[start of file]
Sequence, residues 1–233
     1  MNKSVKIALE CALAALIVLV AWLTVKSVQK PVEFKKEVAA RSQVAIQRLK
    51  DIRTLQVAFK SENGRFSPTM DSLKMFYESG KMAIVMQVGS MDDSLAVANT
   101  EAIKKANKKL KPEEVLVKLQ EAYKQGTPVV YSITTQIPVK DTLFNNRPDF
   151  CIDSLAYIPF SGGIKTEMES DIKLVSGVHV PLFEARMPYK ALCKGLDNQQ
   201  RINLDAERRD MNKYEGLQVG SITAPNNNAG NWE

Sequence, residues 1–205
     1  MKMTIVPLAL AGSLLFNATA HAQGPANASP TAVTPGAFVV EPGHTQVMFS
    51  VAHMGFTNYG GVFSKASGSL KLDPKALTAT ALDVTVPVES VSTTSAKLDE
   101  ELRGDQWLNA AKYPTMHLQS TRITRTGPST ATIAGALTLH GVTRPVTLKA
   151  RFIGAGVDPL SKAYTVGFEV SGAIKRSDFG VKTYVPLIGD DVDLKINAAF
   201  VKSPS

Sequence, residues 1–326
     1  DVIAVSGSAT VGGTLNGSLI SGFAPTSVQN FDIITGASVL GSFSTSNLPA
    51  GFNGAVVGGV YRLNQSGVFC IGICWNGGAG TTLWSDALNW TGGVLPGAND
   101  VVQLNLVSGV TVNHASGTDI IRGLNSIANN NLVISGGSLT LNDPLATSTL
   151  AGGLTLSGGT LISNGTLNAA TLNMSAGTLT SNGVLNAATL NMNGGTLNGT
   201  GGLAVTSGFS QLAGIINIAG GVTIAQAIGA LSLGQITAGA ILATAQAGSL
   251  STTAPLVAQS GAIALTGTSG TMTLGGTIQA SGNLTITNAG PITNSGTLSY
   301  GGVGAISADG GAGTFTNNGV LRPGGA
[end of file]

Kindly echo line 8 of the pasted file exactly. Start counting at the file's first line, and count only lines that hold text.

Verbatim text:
     1  MKMTIVPLAL AGSLLFNATA HAQGPANASP TAVTPGAFVV EPGHTQVMFS